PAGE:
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Are Leaders and Managers Fundamentally Different?

There's evidence that this distinction shouldn’t exist.

Key points

  • Too much is made about the distinction between managers and leaders.
  • An irony is that we want our managers to develop leadership while believing they are different than leaders.
  • Leadership occurs when leaders/managers and followers work together, so the distinction makes no sense.

“Managers do things right, leaders do the right things”

This a well-known saying and represents a distinction that is often made between managers and leaders. The assumption is that managers are all about productivity and efficiency and leadership is a higher calling that emphasizes accurate decision-making and choosing a good or ethical direction. There are, however, several problems with making this distinction between managers and leaders.

First, it downplays the role of the manager and elevates the leader. This perpetuates the power dynamic that leaders are the persons at the top while managers work “in the trenches.” As a result, research shows that leaders get more than their share of credit when there is success and more of the blame in failures— the "romance of leadership" notion (Meindl, et al., 1985) that sets all eyes on the leader.

Second, it suggests that managers are focused on keeping things running but are separated from contributing to setting the organizational agenda and goals and ethical responsibility, because those are the purview of the leader.

Third, it not only diminishes the role of the manager but can also lead to a passing-the-buck attitude in managers when bad things happen (“I was just following orders”; “It’s the leader’s fault”).

I’m going to argue that this distinction is irrelevant. Both successful managers and leaders need to focus on leadership. They need to set direction for followers and the organization, motivate, develop good working relationships with stakeholders, be positive role models, and focus on achieving outcomes.

Here are some more reasons why we should not distinguish between management and leadership:

Peter Drucker’s Views on Managers

Peter Drucker, the father of modern management, viewed managers and management as a high-level and noble endeavor. In many ways, Drucker’s definition of management is very similar to how we might define leadership. Sometimes Drucker is given credit for the opening quote above, but I know this is not the case, because Drucker rarely used the term leader and he believed effective managers should do the right thing.

How Do Scholars Define Leadership?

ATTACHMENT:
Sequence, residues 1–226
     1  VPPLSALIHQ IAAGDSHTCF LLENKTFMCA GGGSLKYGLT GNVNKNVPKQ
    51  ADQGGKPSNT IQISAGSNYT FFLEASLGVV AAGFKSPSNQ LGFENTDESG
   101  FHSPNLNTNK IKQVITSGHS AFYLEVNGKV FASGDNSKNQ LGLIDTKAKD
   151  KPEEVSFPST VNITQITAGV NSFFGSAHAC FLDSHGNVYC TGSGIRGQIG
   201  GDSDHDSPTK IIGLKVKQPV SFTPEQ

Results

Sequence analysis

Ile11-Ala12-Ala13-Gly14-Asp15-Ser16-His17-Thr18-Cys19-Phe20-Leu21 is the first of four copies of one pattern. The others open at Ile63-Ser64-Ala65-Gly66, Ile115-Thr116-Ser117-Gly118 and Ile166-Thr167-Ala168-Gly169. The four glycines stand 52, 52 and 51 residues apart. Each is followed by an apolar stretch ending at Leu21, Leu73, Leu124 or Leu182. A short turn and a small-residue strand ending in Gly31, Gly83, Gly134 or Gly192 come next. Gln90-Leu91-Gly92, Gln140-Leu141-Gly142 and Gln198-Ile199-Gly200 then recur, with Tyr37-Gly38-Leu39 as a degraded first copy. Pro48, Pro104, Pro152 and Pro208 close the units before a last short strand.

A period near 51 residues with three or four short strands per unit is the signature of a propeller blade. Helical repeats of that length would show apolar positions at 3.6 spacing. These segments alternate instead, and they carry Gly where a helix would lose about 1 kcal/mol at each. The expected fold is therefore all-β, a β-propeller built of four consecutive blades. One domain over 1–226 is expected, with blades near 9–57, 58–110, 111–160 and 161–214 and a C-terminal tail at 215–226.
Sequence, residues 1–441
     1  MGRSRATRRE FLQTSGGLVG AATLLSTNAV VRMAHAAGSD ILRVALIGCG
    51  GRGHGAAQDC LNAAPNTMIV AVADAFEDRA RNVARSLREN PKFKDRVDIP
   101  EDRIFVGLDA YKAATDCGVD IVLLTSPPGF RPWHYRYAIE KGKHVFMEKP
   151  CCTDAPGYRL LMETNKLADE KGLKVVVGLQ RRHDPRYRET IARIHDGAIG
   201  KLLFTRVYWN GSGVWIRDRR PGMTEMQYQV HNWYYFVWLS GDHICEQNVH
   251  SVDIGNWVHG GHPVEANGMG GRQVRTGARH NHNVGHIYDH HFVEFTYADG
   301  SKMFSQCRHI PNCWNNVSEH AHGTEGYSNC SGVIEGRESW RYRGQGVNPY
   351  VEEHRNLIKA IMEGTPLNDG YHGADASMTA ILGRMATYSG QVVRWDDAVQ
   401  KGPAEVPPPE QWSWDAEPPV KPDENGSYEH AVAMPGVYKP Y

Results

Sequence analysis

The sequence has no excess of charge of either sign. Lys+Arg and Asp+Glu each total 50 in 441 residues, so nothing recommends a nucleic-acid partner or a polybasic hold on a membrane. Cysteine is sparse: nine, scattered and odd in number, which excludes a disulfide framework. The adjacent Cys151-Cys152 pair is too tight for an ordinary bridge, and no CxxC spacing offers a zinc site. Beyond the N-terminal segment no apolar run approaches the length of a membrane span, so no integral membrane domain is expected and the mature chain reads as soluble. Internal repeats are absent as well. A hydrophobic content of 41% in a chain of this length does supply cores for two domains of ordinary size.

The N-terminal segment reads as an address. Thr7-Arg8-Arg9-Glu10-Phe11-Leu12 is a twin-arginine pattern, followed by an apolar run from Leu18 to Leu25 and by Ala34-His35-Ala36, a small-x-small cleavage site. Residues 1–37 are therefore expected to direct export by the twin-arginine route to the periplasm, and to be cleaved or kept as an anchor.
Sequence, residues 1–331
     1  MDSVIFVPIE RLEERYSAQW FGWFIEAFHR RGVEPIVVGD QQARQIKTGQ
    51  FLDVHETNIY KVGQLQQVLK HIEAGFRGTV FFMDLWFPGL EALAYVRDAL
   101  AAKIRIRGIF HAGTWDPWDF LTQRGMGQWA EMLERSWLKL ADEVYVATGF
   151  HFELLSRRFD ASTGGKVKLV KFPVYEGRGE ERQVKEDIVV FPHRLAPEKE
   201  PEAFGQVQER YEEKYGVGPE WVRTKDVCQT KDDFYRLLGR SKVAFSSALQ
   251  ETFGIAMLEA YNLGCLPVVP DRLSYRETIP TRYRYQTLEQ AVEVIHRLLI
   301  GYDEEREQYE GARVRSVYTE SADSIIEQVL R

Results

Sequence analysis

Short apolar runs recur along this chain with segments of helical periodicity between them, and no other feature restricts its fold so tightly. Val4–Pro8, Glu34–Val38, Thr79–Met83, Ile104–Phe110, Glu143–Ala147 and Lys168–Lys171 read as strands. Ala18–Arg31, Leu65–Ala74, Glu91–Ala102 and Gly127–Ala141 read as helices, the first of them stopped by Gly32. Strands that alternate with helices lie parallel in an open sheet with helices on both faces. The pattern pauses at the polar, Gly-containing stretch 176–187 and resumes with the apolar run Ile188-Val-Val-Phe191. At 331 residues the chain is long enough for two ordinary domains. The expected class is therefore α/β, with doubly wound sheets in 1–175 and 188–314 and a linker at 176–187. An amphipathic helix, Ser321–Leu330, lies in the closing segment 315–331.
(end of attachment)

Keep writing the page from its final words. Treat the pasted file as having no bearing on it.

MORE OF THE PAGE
Interestingly, it is often management and leadership scholars who make the distinction between leaders and managers, but there is irony here. In departments and schools of management, the mission is often about developing leaders, but students in the programs are often referred to as “managers” and their MBA degrees are in business administration—clearly more of a management function than one of leadership. In research, to recruit “leaders,” scholars often use MBA students, assuming that they are indeed “leaders.” So, a great deal of leadership research is conducted on “managers.”

Why Make the Distinction?

I would argue that effective managers need to behave as leaders—keeping true to the mission, helping to set direction, developing followers, and motivating everyone toward goal attainment, all while doing the right thing. Conversely, leaders who are out of touch with the day-to-day management process in their departments and organizations are not going to be effective leaders. Management and leadership go hand-in-hand.

In Any Case, What About the Followers?

Leadership is not something that leaders (or managers) do alone. Leadership is co-created by leaders/managers and followers working together. So, again, the distinction is irrelevant. If managers or leaders are not engaging followers in the process, no leadership occurs.

Managers Can Fail When They Don’t Act Like Leaders

Think of recent organizational scandals and failures— Wells Fargo, Boeing, Volkswagen. In many cases, the ethical failures didn’t necessarily start at the top. There were managers involved at lower levels of the organization who simply didn’t do the right thing. There is an obligation for leaders/managers (and followers) to enact leadership to do the right thing and to get the job done correctly.


Meindl, J. R., Ehrlich, S. B., & Dukerich, J. M. (1985). The romance of leadership. Administrative science quarterly, 78-102.

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